Alea's new music, her album Alborotá and single No me apaga nadie are ready to be out on August 19.
"No me apaga nadie talks about the fire within, the fire that you are. Not permitting anyone dim you down. It’s a call to be rebellious and free in a society where as a woman you have to claw your way in to be part of the conversation".
Alea, the Colombian born/Bronx based singer songwriter will be releasing her new album Alborotá on August 19, 2021. Alea’s vision spans ten diverse tracks that breaks the traditional Latin music mold. The album uniquely blends Latin folklore inspired by cumbia, porro, currulao and huapango with pop, afro and savory Latin grooves filtered through her personal lens of strength, feminism, and perseverance. She explains, “I decided that I couldn’t let other people and the environment dictate my freedom, who I chose to love and how I decided to speak about my truths. My music became a reflection of that. To be bold, fierce and unapologetic.” Alea has been releasing singles and music videos from the album for the past two years with “Échale Sal” being hailed as one of NPR Alt.Latino’s favorite songs of 2020. Now she is ready to release her full album rooted in female and Latinx empowerment.
The album title Alboratá is deeply personal to Alea. Alborotado(a) translates directly to rowdy, riotous, loud, disorderly; and in most of Latin America it means being too much, too different, too sexual. Alea elaborates, “I was called an alborotada growing up by my family and friends because I was extremely driven by creativity and imagination. I fought hard to keep true to this nature, but this judgment took a toll on me as a I got older, and I started to believe that I was the problem. My body was the problem, my womanhood was the problem.” She adds, “I decided it was time to redefine this word, to give it a new meaning in my life and use it as a flag that represented being free, different, independent, out spoken, equal, feminist. I named the album Alborotá because it defines who I am now and what I wish to share with others, this inner fire of strength and overcoming difficulties that liberates you and celebrates you in every way.”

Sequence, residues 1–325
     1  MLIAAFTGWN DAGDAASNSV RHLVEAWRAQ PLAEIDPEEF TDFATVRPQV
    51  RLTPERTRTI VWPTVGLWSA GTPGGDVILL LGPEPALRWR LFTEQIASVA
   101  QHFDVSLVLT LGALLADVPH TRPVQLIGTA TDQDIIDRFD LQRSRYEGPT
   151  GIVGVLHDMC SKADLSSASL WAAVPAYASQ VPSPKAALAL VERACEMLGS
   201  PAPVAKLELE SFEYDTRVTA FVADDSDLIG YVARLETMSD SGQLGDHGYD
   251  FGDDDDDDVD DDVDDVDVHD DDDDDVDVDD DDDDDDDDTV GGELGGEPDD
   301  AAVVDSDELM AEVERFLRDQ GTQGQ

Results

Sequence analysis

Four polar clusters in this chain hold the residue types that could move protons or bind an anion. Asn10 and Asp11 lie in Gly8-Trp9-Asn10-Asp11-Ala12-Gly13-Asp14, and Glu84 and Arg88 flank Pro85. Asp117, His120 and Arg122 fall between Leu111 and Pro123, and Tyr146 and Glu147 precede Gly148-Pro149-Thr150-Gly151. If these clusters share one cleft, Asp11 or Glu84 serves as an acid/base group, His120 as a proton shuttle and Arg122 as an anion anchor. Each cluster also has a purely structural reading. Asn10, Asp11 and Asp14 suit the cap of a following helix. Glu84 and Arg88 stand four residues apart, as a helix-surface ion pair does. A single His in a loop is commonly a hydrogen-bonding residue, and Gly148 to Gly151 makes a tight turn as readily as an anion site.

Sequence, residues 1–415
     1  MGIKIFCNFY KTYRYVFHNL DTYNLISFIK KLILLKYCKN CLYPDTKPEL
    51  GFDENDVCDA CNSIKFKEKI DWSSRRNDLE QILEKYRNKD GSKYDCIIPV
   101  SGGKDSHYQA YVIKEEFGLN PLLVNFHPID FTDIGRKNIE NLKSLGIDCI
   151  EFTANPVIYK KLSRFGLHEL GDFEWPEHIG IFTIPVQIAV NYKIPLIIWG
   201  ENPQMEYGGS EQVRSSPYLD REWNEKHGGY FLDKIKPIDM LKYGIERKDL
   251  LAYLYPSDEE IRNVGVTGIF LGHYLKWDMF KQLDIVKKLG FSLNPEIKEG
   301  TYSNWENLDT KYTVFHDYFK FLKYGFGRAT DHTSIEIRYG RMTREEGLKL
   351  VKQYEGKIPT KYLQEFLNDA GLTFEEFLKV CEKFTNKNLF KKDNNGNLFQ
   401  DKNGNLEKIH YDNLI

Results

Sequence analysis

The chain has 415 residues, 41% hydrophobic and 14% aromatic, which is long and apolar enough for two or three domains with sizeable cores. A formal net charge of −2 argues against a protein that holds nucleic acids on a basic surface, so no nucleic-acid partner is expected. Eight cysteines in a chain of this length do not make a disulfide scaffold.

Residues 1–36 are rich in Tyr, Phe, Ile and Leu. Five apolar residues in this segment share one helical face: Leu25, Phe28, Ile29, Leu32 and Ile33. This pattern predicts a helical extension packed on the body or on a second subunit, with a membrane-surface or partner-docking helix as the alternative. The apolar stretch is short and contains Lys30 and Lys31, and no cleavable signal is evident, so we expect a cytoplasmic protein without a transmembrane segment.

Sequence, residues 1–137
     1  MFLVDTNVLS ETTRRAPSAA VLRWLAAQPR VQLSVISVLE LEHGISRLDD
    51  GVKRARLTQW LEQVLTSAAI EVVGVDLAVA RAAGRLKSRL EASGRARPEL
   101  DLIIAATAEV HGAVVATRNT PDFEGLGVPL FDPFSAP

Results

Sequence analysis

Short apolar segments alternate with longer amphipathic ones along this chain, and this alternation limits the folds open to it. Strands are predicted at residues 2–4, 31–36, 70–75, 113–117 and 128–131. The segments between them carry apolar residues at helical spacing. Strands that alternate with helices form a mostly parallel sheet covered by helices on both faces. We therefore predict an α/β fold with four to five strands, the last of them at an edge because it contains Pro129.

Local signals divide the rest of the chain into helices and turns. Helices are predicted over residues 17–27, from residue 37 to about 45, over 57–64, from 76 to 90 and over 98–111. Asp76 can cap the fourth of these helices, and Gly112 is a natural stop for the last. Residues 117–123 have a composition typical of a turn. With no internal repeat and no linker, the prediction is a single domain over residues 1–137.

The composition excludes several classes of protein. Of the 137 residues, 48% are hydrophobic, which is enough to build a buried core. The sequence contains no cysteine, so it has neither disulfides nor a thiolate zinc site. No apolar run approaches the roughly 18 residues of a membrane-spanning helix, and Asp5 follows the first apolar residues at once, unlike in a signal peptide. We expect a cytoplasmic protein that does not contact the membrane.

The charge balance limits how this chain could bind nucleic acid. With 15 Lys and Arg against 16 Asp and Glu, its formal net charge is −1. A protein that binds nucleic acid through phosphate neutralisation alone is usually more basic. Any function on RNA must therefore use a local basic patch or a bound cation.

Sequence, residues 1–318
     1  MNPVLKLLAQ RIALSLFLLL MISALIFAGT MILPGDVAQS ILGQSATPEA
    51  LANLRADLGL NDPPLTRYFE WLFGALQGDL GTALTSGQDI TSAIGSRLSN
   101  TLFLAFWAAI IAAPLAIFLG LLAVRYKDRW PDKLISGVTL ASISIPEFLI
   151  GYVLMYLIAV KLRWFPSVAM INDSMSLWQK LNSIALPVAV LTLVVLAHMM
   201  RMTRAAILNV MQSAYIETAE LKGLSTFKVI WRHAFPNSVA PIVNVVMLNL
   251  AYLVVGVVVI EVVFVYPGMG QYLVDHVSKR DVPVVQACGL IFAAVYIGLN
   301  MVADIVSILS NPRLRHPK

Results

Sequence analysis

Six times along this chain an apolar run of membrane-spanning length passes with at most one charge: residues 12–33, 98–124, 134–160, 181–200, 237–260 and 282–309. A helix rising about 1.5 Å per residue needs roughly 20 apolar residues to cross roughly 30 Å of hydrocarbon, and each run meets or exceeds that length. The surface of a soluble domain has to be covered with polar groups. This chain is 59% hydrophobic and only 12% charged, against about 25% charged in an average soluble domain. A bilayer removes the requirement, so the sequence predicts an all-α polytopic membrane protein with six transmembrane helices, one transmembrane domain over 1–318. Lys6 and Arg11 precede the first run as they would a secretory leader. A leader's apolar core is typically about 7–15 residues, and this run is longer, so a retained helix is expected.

Alea produced the entire album with Sinuhé Padilla Isunza at Jarana Records. Taking from his background of Mexican, Brazilian and Flamenco music, Sinuhé set the tone of the album with an organic and authentic vibe created with only acoustic instrumentation; a rarity in these digital times. The album shines with the help of Alea’s friends and collaborators including Latin GRAMMY winning artists Felipe Fournier (vibraphone on Échale Sal), Luisa Bastidas (violin on Alboratá) and Jackie Coleman (trumpet on No Me Apaga Nadie) of Flor de Toloache, and Latin GRAMMY nominee Sonia De Los Santos (vocals on Tú, Solo Tú). Alea adds, “Among them we also featured world class artists like Renee Goust, Elena Moon Park, Jaime Ospina, Miche Molina, George Sáenz, Juan Ruiz and Kika Parra. Our rhythm, our lock and groove was set by the incredible Franco Pinna on drums. We also had the help and ears of friends like Kamilo Kratc, Nacho Molina and Luis F. Herrera, who listened to mixes and gave us feedback. All arrangements were written by Sinuhé Padilla-Isunza and myself. The entire album was mastered by GRAMMY winner, Luis F. Herrera.”
NPR - ALT.LATINO, USA
BEST MUSIC OF 2020
Alt.Latino's Favorite Songs Of 2020
December 18, 2020
Alea and the commitment to the music of Colombian roots in "Alborotá".
“Aire guajiro” is the name of the most recent song that Alea has given to the world. A theme that rounds off and illustrates the personality of Alborotá, his next album. With a clear essence of the regional music of his native Colombia, he seeks to make these sounds of the Caribbean and its coasts valid through sounds and lyrics.
Jan 4, 2021
EL HERALDO, Colombia
The voice of Barrancas that is listened to in the Bronx.
A Guajira voice is sounding in the Bronx. She was born in Barrancas and her name is María Alejandra Jiménez González. In the bars of the Big Apple where they have heard her, they know her as Alea. Thus, with that name, her songs can be found on YouTube and Spotify.
Her music is a balanced sonorous sancocho in which there are aromas of cumbia, vallenato, jazz, Latin American rap and other genres that she tames with her honey voice. She has just released Échale sal, another ‘craving’ song that will be part of her first album.
July 2, 2020